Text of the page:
What you should ask instead: Tell me something about your experience, education, or personality that can help us.

This gives candidates a non-hypothetical question that allows them to show their understanding of what your role is and to demonstrate their relevant background or experience.

4. “Where do you see yourself in five years?”
In most cases, the question is completely off-topic. It is also somewhat pointless given how few people stay with a company for five years.

What you should ask instead: What business would you love to start?

This alternative comes from speaker and Inc. magazine contributing editor Jeff Haden. “The business a candidate would love to start tells you about her hopes and dream,” Haden says, “her interests and passions, the work she likes to do, the people she likes to work with. So just sit back and listen.”

5. “What would your last boss say about you?”
For starters, this asks the candidate to speculate needlessly. The hiring manager should find this out when she does reference checks. This line of questioning also seems to rise from a belief that bosses always have superior knowledge. In truth, a candidate’s previous manager may have been given the axe for incompetence, misconduct, or asking lame questions.

What you should ask instead: What was the best working relationship you’ve had with a manager and why did it work so well?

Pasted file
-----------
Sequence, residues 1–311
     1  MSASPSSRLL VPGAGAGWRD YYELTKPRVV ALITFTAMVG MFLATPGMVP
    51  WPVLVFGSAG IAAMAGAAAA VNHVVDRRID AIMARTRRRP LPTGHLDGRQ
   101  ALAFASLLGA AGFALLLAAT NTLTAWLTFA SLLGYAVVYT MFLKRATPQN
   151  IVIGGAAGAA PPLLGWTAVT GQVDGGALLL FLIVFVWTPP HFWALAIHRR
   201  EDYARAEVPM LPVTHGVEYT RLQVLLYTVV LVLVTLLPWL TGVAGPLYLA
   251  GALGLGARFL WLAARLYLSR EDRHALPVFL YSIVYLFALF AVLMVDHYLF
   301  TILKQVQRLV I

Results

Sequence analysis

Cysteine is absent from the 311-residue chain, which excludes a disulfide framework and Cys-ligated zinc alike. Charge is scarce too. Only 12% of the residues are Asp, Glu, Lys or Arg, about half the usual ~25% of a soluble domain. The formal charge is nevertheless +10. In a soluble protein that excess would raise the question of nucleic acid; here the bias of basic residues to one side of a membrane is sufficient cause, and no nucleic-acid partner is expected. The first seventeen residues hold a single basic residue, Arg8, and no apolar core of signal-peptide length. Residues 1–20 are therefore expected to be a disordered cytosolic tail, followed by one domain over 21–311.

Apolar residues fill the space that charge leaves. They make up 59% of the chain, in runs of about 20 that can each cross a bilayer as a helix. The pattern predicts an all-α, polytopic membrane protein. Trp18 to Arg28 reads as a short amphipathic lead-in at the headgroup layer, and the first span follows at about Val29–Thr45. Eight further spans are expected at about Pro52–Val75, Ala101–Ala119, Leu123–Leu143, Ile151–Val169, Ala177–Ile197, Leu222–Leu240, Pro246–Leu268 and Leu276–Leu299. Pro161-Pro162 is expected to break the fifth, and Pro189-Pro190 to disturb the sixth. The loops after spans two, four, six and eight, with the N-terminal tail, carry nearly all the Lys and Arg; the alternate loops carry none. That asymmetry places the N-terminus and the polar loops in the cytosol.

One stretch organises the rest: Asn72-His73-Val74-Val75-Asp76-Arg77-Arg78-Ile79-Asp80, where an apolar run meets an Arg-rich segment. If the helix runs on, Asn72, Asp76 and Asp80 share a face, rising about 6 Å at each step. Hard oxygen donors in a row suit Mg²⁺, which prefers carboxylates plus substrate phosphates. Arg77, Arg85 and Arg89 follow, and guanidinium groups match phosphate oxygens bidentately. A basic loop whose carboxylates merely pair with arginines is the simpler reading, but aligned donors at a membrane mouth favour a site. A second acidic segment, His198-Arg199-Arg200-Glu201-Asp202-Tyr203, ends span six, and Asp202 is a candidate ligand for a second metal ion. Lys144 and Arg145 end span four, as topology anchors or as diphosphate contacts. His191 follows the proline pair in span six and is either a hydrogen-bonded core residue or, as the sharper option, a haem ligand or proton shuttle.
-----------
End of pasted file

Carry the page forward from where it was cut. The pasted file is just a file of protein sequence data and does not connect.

A thoughtful answer to this question could reveal a lot about a candidate’s values and what kind of company culture she would thrive in. And, if you were to hire the candidate, it would give you a leg up on successfully managing her.

6. “What would you bring to our department?”
This open-ended beauty seems like a call for a lot of boastful chest-thumping. It penalizes both the modest and the introverted.

What you should ask instead: What was the biggest achievement you had at your last job and what was your role in it?

Now you can see what your candidates value and how willing they are to share credit. Listen to hear if they mention how their accomplishment helped the company—or is it all about them?

7. “What is your desired salary?”
This one reveals some misunderstanding about the roles in the hiring process. The company should set the salary, making it commensurate with what other people at the company are getting paid for similar responsibilities. Not doing that is one of the things that leads to pay gaps between men and women, between whites and people of color.

What you should ask instead: This job pays between X and Y. Will that work for you?